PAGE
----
guarantee, we can be equally ingenious in burying
language that is incontrovertibly there.

It is wrong to use some constitutional provisions as springboards
for major social change while treating others like
senile relatives to be cooped up in a nursing home until they
quit annoying us. As guardians of the Constitution, we must
be consistent in interpreting its provisions. If we adopt a jurisprudence
sympathetic to individual rights, we must give broad
compass to all constitutional provisions that protect individuals
from tyranny. If we take a more statist approach, we must
give all such provisions narrow scope. Expanding some to
gargantuan proportions while discarding others like a crumpled
gum wrapper is not faithfully applying the Constitution;
it’s using our power as federal judges to constitutionalize our
personal preferences.

The able judges of the panel majority are usually very sympathetic
to individual rights, but they have succumbed to the
temptation to pick and choose. Had they brought the same
generous approach to the Second Amendment that they routinely
bring to the First, Fourth and selected portions of the
Fifth, they would have had no trouble finding an individual
right to bear arms. Indeed, to conclude otherwise, they had to
ignore binding precedent. United States v. Miller, 307 U.S.
174 (1939), did not hold that the defendants lacked standing
to raise a Second Amendment defense, even though the government
argued the collective rights theory in its brief. See
Kleinfeld Dissent at 6011-12; see also Brannon P. Denning &
Glenn H. Reynolds, Telling Miller’s Tale: A Reply to David
Yassky, 65 Law & Contemp. Probs. 113, 117-18 (2002). The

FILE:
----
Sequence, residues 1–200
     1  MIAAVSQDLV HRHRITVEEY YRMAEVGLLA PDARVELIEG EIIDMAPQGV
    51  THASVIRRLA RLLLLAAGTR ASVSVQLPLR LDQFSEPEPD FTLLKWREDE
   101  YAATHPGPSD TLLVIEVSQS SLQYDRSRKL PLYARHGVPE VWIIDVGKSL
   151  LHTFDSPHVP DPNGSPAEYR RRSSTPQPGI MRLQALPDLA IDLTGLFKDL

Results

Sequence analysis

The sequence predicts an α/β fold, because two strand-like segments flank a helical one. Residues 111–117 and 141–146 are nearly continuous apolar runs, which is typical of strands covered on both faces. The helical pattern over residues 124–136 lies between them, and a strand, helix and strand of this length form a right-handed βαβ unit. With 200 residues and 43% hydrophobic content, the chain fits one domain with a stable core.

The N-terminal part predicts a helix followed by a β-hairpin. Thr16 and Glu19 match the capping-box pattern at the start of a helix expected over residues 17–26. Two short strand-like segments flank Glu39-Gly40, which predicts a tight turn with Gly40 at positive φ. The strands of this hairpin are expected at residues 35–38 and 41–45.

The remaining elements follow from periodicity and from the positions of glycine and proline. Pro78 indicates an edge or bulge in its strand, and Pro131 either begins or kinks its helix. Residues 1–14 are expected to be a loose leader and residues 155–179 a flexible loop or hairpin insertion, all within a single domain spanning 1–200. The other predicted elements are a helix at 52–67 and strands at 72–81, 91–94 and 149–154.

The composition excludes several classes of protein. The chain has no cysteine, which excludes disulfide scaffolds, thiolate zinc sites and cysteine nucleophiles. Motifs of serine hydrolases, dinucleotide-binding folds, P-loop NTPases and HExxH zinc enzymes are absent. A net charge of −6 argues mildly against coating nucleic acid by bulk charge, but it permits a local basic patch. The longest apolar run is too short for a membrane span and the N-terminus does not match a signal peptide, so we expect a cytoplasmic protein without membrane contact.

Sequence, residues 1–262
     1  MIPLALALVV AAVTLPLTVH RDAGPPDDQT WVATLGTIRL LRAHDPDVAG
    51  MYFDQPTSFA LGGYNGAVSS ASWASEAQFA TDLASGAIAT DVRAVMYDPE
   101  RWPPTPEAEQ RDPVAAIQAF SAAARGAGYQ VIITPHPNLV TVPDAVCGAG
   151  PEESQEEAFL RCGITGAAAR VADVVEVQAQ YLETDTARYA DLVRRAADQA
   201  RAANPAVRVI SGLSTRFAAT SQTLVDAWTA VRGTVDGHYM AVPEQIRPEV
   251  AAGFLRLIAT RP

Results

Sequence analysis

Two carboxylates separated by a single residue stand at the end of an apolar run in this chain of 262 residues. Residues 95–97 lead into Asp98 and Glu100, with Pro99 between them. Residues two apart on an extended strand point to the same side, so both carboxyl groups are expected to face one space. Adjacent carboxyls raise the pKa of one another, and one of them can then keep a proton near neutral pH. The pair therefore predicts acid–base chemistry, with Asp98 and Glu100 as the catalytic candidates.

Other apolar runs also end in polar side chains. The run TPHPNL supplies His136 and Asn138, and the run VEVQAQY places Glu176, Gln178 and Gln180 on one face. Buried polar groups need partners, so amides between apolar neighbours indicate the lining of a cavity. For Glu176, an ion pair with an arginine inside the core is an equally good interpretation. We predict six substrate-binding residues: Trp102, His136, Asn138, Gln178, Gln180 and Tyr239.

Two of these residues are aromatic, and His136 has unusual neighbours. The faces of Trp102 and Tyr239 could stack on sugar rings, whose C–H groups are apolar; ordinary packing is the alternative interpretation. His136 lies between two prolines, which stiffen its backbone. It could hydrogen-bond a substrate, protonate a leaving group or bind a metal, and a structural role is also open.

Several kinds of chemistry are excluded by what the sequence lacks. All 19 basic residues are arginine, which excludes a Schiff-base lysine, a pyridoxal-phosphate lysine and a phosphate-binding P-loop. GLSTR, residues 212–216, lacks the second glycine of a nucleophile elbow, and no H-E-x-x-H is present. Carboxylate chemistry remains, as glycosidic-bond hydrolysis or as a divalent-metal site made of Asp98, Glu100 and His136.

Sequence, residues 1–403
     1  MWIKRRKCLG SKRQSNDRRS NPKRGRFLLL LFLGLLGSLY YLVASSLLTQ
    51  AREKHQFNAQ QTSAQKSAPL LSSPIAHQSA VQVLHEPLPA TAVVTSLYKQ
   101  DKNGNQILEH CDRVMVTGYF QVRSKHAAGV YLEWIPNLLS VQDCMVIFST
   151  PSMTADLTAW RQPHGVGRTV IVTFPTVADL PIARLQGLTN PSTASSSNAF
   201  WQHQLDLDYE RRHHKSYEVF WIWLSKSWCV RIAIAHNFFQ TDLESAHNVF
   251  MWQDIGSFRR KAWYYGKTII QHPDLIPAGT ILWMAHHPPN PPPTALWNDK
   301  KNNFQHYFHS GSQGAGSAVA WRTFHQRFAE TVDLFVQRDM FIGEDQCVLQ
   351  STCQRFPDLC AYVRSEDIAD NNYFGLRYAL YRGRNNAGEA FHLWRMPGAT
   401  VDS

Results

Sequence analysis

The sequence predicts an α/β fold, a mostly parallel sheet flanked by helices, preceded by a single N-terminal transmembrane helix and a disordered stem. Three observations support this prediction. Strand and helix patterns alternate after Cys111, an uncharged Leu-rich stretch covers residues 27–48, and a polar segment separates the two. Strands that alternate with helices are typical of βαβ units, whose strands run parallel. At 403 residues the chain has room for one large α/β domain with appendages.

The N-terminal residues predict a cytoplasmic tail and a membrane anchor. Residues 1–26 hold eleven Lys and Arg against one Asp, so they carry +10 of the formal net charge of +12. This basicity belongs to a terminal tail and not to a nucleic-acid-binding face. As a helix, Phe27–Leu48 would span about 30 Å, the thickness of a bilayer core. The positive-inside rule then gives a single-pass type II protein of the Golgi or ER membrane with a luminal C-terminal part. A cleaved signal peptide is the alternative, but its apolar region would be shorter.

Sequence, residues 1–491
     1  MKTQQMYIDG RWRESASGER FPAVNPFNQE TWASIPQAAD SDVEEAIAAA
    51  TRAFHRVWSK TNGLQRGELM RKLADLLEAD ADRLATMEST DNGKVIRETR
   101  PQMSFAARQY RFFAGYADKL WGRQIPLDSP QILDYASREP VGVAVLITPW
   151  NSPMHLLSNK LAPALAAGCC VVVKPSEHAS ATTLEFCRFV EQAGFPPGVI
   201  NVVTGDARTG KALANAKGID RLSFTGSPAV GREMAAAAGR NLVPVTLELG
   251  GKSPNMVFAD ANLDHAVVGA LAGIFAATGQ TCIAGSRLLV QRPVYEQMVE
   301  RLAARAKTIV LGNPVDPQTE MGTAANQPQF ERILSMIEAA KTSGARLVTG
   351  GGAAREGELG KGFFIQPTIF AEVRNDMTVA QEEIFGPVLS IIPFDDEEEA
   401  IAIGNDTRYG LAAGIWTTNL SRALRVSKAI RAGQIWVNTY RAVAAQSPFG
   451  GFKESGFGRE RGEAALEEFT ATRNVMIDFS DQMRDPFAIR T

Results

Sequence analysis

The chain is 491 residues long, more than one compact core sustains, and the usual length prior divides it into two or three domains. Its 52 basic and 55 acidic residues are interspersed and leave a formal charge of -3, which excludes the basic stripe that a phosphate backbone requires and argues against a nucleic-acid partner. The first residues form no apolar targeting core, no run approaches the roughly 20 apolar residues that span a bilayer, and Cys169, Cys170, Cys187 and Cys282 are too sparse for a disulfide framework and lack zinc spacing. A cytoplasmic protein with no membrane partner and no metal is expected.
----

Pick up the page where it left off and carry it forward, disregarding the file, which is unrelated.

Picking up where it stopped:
Supreme Court reached the Second Amendment claim and
rejected it on the merits after finding no evidence that Miller’s
weapon—a sawed-off shotgun—was reasonably susceptible
to militia use. See Miller, 307 U.S. at 178. We are bound not
only by the outcome of Miller but also by its rationale. If Miller’s
claim was dead on arrival because it was raised by a person
rather than a state, why would the Court have bothered
discussing whether a sawed-off shotgun was suitable for militia
use? The panel majority not only ignores Miller’s test; it
renders most of the opinion wholly superfluous. As an inferior
court, we may not tell the Supreme Court it was out to lunch
when it last visited a constitutional provision.

The majority falls prey to the delusion—popular in some
circles—that ordinary people are too careless and stupid to
own guns, and we would be far better off leaving all weapons
in the hands of professionals on the government payroll. But
the simple truth—born of experience—is that tyranny thrives
best where government need not fear the wrath of an armed
people. Our own sorry history bears this out: Disarmament
was the tool of choice for subjugating both slaves and free
blacks in the South. In Florida, patrols searched blacks’
homes for weapons, confiscated those found and punished
their owners without judicial process. See Robert J. Cottrol &
Raymond T. Diamond, The Second Amendment: Toward an
Afro-Americanist Reconsideration, 80 Geo. L.J. 309, 338
(1991). In the North, by contrast, blacks exercised their right
to bear arms to defend against racial mob violence. Id. at 341-
42. As Chief Justice Taney well appreciated, the institution of
slavery required a class of people who lacked the means to
resist. See Dred Scott v. Sandford, 60 U.S. (19 How.) 393,
417 (1857) (finding black citizenship unthinkable because it
would give blacks the right to “keep and carry arms wherever
they went”). A revolt by Nat Turner and a few dozen other
armed blacks could be put down without much difficulty; one
by four million armed blacks would have meant big trouble.